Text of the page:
On January 11, 2011, the Treasury Board Secretariat announced that the federal government will file an appeal of a court decision that ordered Ottawa to make all government websites accessible to the blind within 15 months.
Although the government insists it is “committed to providing accessible online information and services to Canadians, and is continuing to look at ways to make information more accessible to all Canadians”, Treasury Board spokesman Pierre-Alain Bujold said:
The Government of Canada is filing an appeal with the Federal Court decision in the case between Donna Jodhan and the Attorney General of Canada in order to address some fundamental issues raised by the decision….
These include factual findings made by the Court, numerous aspects of the legal reasoning applied to those facts, and the unusual supervisory order of the Court to monitor implementation of its decision.
Justice Michael Kelen in his ruling said he would oversee implementation of Ottawa’s online retrofit, and he warned that the Court will intervene if the government fails to act.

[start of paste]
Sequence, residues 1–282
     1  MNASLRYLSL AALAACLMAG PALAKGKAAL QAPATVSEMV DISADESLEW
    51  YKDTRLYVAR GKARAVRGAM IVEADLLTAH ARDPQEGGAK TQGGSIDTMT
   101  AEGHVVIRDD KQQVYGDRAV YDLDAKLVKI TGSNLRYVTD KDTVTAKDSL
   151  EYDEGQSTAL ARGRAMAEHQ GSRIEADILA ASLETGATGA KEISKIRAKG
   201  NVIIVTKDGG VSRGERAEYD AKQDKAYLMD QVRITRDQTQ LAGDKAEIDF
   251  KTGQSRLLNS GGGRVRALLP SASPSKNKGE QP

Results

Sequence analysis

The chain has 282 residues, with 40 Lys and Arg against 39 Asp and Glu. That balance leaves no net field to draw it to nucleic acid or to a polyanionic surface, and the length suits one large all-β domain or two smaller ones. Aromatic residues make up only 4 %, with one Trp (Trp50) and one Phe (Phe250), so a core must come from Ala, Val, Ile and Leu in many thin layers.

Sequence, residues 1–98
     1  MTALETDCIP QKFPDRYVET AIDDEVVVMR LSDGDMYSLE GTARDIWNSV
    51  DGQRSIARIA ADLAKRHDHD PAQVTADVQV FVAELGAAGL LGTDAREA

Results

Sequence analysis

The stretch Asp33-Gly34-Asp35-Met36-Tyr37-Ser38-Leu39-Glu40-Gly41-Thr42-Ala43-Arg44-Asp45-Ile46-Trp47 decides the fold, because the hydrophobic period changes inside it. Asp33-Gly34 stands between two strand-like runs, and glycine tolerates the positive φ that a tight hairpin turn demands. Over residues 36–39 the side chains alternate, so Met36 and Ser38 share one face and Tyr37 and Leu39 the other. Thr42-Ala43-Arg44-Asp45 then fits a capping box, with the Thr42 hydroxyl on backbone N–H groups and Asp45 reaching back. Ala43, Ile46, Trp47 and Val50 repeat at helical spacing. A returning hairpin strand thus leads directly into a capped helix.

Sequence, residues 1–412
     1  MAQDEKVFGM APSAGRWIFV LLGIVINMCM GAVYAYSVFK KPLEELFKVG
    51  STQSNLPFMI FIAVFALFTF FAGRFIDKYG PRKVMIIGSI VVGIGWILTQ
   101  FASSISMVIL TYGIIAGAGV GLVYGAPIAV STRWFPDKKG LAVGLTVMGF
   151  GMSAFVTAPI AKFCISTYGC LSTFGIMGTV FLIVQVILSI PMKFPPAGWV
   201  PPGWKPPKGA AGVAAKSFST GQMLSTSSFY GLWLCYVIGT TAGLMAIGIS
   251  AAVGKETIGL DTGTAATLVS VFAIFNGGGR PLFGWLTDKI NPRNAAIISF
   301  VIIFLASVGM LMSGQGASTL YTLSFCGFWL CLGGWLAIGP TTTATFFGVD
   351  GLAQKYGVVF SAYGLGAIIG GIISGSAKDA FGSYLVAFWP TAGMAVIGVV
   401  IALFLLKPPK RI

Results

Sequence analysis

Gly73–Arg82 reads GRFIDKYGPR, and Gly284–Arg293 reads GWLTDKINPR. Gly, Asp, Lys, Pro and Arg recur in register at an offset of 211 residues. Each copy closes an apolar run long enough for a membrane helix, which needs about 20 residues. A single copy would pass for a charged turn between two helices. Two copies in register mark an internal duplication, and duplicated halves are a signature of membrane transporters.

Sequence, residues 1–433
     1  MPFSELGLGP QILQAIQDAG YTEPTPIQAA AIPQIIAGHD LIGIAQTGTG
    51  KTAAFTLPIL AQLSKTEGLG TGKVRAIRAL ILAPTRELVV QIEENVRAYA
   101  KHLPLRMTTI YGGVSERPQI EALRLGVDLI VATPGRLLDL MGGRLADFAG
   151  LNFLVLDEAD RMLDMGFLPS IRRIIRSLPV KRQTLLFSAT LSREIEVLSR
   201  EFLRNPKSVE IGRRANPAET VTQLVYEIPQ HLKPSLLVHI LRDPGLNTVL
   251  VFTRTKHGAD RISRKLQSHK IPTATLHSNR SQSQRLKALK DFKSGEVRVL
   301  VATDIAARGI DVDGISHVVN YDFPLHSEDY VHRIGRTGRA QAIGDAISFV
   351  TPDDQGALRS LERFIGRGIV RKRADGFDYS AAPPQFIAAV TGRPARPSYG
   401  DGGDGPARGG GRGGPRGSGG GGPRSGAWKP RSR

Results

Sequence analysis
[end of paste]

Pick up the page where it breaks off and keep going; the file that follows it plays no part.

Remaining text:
Justice Kelen’s hard line does not seem to suit the government at all!
Is this a step back on the road to accessible information, goods and services for all disabled persons?
First Reference Human Resources and Compliance Managing Editor
Latest posts by Marie-Yosie Saint-Cyr, LL.B. Managing Editor (see all)
- Family Day off with pay 2021 - February 12, 2021
- Limiting access to federal recovery benefits during the mandatory quarantine - January 21, 2021
- First Reference annual holiday donation, season’s greetings and holiday break - December 24, 2020